Choose a body: FE2 or FM2

Discussion in '35mm Cameras' started by Roxy Durban, Dec 28, 2004.

  1. Roxy Durban

    Roxy Durban Guest

    Which would you chose?

    And why?
    Roxy Durban, Dec 28, 2004
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  2. Roxy Durban

    BandHPhoto Guest

    <Which would you chose?>

    Having had both, I dumped my FE2 bodies and used a gaggle of FM2n bodies (all
    with MD-12 motors) the last few years I was shooting full time before I came to
    B&H. I found I rarely used the FE2's auto-exposure feature and for me, the
    FE2's meter display in the finder window was annoying. I much prefered the
    FM2n's LEDs. Your mileage may vary.
    - --

    Henry Posner/B&H Photo-Video
    BandHPhoto, Dec 28, 2004
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  3. Roxy Durban

    Roxy Durban Guest

    Thanks for your input, Henry.

    I've also have an FE2, but never an FM2. I mostly shoot in Aperture
    Priority mode, so the FE2 would be nice to have again, but I do remember
    that it did have that poorly illuminated match needle meter on the side of
    the focussing screen.

    I have an F2 but I am looking for something a bit lighter to take around
    with me when shooting casually. Decisions...decisions...
    Roxy Durban, Dec 29, 2004
  4. Roxy Durban

    Wm Gardner Guest

    Hard to explain why but I have always been a big fan of the FE2. Carry
    one as a backup to this day. I guess because it is so reliable, easy to
    use, and so flexible. Can mount any lens I own (no, I do not have any
    "G" lenses and do not intend to buy any in the near future), the
    self-timer can work as a MLU, it is compact, and I like having the AP
    mode available. The exposure comp, granted only needed because of the AP
    mode, is nice too.

    Had a FM at one point so I guess I cannot offer a true comparison to the
    FM2, can see Henry's point about the needle vs. LED though. The needle
    only seems to bother me at night and all I mentioned is true about the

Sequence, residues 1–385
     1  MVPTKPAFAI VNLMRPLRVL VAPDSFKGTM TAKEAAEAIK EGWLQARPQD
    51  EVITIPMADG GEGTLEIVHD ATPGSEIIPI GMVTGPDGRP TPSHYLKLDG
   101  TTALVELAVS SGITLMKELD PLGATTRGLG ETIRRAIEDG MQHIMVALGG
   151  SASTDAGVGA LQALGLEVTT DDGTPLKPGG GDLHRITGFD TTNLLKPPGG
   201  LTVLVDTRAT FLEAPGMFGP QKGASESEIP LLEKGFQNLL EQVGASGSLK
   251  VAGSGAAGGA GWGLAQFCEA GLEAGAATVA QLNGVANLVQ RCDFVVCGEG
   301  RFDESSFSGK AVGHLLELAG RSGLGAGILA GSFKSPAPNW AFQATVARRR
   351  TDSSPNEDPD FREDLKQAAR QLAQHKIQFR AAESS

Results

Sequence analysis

FM series as well.....guess I always thought the FM2 did not offer
    anything additional (LEDs aside) over the FE2.

    When you boil it down it is probably because the FE2 was my first
    serious (and new) camera and it served me very well. Saved and saved to
    buy that thing. Loved it from the days I got it and used it a ton. Had
    it for a few years and then convinced myself I wanted a F3 (more
    affordable with intro of F4). Missed that FE2 from day one and finally
    bought another a few years later. Every now and again I leave most the
    gadgets behind; grab the FE2, stick a couple of lenses in my vest, and
    get back to a more simple time.......

    Probably does not help much but thanks for the stroll down memory lane.

    Happy holidays,
    Wm Gardner, Dec 29, 2004
  5. The three major differences I can think of are:
    FE2: Match Needle metering, TTL flash, only M250 and B w/o battery.
    FM2(n): LED metering, no TTL, all speeds available w/o battery.

    The FM3A combines the features of both, but at a cost. 18 years ago,
    I chose the FA instead of either one. It that time, it's functioned
    flawlessly, demanding only the expected seal replacements and CLA's.
    Today, I'd probably get an FM2 for simplicity. For those times when
    I want automation, I'd go with a current body like an F100 or N/F80.
    Michael Benveniste, Dec 29, 2004
  6. I have three FE-2's. They've been perfectly reliable and how hard is
    it to carry a spare (marble sized) battery after all? I like the match
    needle a lot as it shows you exactly how far you are off for exposure
    compensation. I use AE for everything except studio shots and
    compensation situations when it's easier to go to manual shutter and
    watch the match needle than it is to mess with the exposure comp dial.
    You also get those nice long timed exposures with the FE-2 for waves
    and waterfalls that the FM-2n doesn't have. BTW, chuck the split image
    screen an get an E screen for it.
    bob.kirkpatrick, Dec 29, 2004
  7. Roxy Durban

    Jeremy Guest

    I'm the same way with my Spotmatics and SMC Takumar primes. Wonderful
    optical instruments! Great tactile feeling when using them, too. May not